“Well, our culture is based on a system of merit…The right people with the right skills get the job, here.”
These were the ‘profound, wise’ words [sarcasm] shared with me by a white, male executive at a former organization. He shared these sentiments after I responded to his questions around what my job was at the time, and what it meant to be ‘working in diversity.’ My answer was something along the lines of “developing programs that ensure we have a diverse workforce” and “creating an environment where employees from different backgrounds feel included and valued.” He went on to defend the culture of meritocracy that existed within the organization (based on his experience), and recommended we focus more on people’s skills than their differences.
His response wasn’t necessarily surprising. It was a trigger for me, though. While the interaction was short, and perhaps well-intentioned, the subtle invalidation of my role and my contribution could be likened to a paper cut—quick and small, but sharp and painful. It was those ongoing ‘paper cuts,’ that made corporate culture most challenging for me. As a practitioner in this field, you’re encouraged (perhaps even required) to bring your whole self (use of self) in order to affect change and bring others along. As a black, millennial, woman in mostly white spaces, that took its toll.
When your lived experiences and truths drive your sense of urgency in pursuing this work and actualizing equity in the workplace, it can be challenging to thrive in environments where ‘corporate speak’ and the false sense of meritocracy become a perpetual barrier by undermining those experiences.
While aspiring to become an organization that values merit as a principle and in practice is noble, it’s impact can be detrimental to progress. The assumption and prescription to the myth that everyone is treated the same based on their skills (equality) can hamper the organization’s and leadership’s capacity to be critical of the systems, policies, and practices that might need to be changed in order for everyone to fully experience a fair and inclusive work culture (equity). It also undermines the human nature of bias (conscious and unconscious), the impact of microaggressions, and the role of our identities in how we experience the workplace differently.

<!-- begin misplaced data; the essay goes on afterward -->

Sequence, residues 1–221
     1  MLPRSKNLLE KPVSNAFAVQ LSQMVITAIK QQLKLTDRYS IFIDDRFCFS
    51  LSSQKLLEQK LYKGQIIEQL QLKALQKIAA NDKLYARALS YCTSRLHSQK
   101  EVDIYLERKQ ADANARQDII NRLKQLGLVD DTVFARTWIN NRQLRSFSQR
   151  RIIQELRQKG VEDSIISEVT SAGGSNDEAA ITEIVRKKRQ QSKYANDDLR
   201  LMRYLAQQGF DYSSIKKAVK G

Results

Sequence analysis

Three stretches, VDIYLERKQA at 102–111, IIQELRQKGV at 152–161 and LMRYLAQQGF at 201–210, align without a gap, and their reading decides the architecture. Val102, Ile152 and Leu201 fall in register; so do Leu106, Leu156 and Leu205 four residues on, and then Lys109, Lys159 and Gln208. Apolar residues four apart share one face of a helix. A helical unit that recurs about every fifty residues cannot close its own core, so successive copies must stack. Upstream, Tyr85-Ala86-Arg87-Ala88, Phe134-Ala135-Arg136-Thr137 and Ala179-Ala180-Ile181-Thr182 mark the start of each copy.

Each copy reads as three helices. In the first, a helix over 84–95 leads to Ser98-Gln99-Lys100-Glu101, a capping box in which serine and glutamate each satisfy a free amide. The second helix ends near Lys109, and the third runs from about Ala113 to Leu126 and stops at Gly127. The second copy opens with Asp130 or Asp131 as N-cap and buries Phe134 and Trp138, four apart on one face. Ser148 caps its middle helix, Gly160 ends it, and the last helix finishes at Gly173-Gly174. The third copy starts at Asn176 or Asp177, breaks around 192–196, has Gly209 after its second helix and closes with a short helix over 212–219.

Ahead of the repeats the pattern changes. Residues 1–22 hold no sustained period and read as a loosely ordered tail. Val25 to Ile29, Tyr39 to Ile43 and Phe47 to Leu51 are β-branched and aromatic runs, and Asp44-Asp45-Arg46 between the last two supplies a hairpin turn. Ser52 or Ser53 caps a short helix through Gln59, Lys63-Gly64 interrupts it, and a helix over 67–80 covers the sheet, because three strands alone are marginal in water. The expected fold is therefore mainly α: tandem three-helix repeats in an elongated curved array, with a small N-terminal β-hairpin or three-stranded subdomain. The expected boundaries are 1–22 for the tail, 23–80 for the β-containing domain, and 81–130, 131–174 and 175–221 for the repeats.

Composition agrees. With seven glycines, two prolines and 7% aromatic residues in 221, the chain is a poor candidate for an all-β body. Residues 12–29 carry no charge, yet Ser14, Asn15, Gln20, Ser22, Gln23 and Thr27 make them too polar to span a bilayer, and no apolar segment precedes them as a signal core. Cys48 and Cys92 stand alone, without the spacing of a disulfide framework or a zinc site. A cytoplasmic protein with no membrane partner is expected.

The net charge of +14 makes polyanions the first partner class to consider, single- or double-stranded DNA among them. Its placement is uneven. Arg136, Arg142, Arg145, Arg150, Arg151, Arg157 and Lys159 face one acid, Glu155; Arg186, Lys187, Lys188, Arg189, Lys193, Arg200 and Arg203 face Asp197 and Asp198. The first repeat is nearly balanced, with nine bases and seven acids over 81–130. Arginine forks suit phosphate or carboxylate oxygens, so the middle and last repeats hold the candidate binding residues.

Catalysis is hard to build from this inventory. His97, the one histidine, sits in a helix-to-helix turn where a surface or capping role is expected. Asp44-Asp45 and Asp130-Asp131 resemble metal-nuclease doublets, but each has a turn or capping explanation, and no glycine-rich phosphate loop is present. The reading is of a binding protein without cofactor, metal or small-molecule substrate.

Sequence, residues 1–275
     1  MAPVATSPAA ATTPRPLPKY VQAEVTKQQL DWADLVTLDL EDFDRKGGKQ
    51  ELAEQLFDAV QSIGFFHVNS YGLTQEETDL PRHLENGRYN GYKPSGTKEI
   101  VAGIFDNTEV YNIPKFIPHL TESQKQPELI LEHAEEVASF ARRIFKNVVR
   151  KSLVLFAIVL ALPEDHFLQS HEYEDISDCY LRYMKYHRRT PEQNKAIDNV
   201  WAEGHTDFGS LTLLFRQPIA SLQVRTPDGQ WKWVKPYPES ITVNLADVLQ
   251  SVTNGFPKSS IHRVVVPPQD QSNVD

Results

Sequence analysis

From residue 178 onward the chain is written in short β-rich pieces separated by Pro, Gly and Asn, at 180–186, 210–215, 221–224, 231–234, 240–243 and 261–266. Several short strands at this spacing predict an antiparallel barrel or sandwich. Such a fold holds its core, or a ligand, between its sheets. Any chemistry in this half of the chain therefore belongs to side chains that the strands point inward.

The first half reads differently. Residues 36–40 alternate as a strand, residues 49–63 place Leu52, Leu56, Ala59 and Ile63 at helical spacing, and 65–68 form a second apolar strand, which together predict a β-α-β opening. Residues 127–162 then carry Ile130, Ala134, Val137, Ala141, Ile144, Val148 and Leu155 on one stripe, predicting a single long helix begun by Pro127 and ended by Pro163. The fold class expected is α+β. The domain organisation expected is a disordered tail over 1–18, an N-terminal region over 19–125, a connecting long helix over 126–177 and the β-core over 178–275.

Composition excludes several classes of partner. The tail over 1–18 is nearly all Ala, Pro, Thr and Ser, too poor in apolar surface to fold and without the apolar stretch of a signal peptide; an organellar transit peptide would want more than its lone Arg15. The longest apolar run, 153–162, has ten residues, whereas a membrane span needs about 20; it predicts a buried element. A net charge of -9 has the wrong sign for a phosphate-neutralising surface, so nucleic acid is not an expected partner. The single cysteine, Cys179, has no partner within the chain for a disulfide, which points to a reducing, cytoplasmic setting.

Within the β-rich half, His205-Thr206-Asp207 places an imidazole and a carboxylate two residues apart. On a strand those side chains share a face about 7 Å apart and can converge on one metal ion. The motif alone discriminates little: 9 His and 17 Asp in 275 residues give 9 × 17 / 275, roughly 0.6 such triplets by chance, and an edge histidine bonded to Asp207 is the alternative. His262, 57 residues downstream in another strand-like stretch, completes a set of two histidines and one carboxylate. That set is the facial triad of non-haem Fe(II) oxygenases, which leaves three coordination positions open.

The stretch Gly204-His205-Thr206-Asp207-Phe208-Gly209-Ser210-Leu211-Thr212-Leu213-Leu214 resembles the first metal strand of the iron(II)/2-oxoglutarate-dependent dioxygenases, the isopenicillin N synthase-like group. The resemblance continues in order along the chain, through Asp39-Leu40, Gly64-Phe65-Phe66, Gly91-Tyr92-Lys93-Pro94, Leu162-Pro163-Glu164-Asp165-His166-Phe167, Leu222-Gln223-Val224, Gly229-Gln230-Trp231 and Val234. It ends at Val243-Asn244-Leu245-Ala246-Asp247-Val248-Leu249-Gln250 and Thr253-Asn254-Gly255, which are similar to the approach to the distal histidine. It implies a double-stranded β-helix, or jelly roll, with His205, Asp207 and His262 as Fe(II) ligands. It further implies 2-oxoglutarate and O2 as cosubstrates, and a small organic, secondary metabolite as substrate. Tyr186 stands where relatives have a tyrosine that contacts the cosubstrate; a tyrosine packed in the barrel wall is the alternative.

Sentiments like “Let’s just focus on the skills,” and “We hire the best person for the job” in response to arguments for diversity, can send the message that diversity doesn’t exist here, because people from diverse backgrounds (ie. People of color) do not have the skills, cannot do the work. Data, studies, and surveys have proven this not to be true. If left unchecked, this way of thinking shifts responsibility in affecting change from those who have the power and influence to do something about it, to those who historically have not. And we cannot fully achieve equity and inclusion this way.
A few weeks ago, one of our consultants shared an essay that emphasized the significance of language—differentiating diversity and inclusion from equity and justice—when pursuing systemic change on college campuses. The author posits that “By substituting diversity and inclusion rhetoric for transformative efforts to promote equity and justice, colleges have avoided recognizable institutional change.” They go on to provide some compelling examples:
Diversity asks, “Who’s in the room?” Equity responds: “Who is trying to get in the room but can’t? Whose presence in the room is under constant threat of erasure?”
Inclusion asks, “Has everyone’s ideas been heard?” Justice responds, “Whose ideas won’t be taken as seriously because they aren’t in the majority?”
Diversity asks, “How many more of [pick any minoritized identity] group do we have this year than last?” Equity responds, “What conditions have we created that maintain certain groups as the perpetual majority here?”
Inclusion asks, “Is this environment safe for everyone to feel like they belong?” Justice challenges, “Whose safety is being sacrificed and minimized to allow others to be comfortable maintaining dehumanizing views?”
Similarly, there is opportunity for us to consider these same questions and differentiations in the context of equity vs. equality in corporate spaces.
Equality says, “Everyone is treated the same here.” Equity challenges and acts, “What policies, systems, and practices must be addressed or dismantled in order for everyone to be treated fairly? Challenging and acting on these questions can’t happen if we’re distracted by this veil of meritocracy.